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McNae’s editor calls for LDR scheme to be extended to courts

Mark HannaThe BBC says it is currently “considering” ways to develop its local democracy reporting scheme after the co-author of McNae’s Essential Law for Journalists called for it to be expanded to cover courts.

Mark Hanna, left, who is also a senior teacher at the University of Sheffield’s Department of Journalism Studies, wants to see the scope of the taxpayer-funded project increased – but has warned that it should not come at the expense of existing regional press court reporters or freelance journalists.

Currently, around 150 journalists are employed by regional press groups under the scheme to cover local authorities across the United Kingdom.

In February, a review by Dame Frances Cairncross into the future of news provision in the UK called for an expansion of the scheme along with the establishment of a publicly funded Institute for Public Interest News.

Mark’s own call comes after he praised Leicester Mercury reporter Adrian Troughton’s coverage of a truancy case at Leicester Magistrates’ Court, saying on Twitter there are “fewer reporters now in the regions to be at magistrates’ courts” and questioning whether this could be rectified with an expansion of the LDR scheme.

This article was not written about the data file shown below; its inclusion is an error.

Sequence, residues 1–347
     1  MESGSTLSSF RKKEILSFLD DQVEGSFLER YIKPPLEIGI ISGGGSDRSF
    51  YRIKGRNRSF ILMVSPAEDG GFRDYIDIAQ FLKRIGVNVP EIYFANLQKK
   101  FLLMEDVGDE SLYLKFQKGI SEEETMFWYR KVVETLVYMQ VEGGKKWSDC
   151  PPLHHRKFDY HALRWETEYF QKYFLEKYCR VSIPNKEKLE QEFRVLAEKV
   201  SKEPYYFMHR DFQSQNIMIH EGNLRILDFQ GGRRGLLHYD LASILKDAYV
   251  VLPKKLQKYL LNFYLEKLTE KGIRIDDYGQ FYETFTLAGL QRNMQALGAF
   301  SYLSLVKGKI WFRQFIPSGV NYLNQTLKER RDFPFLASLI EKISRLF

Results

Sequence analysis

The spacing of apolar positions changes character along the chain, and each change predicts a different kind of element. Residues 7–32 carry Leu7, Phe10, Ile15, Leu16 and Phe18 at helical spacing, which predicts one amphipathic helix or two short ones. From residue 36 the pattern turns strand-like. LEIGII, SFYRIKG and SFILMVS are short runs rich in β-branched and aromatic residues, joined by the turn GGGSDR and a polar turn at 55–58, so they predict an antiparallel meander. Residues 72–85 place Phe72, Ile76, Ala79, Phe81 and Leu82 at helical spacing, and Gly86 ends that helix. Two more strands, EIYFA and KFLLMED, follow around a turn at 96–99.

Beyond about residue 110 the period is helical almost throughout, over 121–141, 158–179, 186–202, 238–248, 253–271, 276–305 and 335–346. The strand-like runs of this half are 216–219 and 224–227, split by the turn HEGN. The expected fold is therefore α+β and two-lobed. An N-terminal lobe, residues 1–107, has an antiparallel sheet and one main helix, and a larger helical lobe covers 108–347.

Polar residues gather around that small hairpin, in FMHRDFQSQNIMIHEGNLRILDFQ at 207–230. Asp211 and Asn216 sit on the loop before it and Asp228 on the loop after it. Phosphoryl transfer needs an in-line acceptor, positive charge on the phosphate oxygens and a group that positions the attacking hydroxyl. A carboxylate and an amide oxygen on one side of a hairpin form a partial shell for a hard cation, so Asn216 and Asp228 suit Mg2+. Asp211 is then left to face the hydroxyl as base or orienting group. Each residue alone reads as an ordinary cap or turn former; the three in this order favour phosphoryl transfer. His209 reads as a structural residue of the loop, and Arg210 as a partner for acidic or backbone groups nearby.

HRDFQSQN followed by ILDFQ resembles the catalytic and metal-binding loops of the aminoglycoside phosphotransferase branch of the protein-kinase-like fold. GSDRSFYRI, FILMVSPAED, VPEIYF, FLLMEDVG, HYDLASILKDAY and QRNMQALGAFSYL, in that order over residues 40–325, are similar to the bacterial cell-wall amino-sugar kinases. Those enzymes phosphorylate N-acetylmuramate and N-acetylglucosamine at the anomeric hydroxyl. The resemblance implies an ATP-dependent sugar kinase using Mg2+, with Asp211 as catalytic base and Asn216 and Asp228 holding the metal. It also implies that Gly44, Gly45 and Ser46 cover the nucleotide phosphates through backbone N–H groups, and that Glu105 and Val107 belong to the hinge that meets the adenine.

Speaking to HTFP, Mark said: “I hope that the Local Democracy Reporting Service can be extended to cover the reporting of courts and tribunals. We know that court coverage has declined. The Cairncross Review cited research saying such coverage had dropped by 40pc in regional newspapers in the four years from 2012 to 2016.

“But any expansion of the LDRS into court reporting, if the BBC or any other source of funds can achieve this, needs careful planning. It must not prompt any regional media to make any existing court reporters redundant, or make matters worse for the much-dwindled number of freelances who cover courts.

“Most court reporters mainly cover Crown courts, I suspect. Perhaps an expansion of the LDRS could, in the first instance, be confined to coverage of magistrates’ courts, civil courts and tribunals, and – if it does cover Crown courts – be designed to give some fresh earnings to freelances.”

Mark sits on a media working group set up by HM Courts and Tribunals Service to advise it on how open justice can be preserved and enhanced in the Ministry of Justice’s ‘digital reforms’ programme.

He added: “The whole issue of how journalism can help sustain and increase open justice needs a big rethink. For example, the Ministry of Justice should – as part of its ‘digital reforms’ – make access to civil and tribunal case documents easier and cheaper. It could put them online so reporters could start digging into stuff which rarely sees the light of day now.

“The civil courts and tribunals have never been covered extensively. We all know that important, societal issues feature in some of these cases, and in many of those at magistrates’ courts.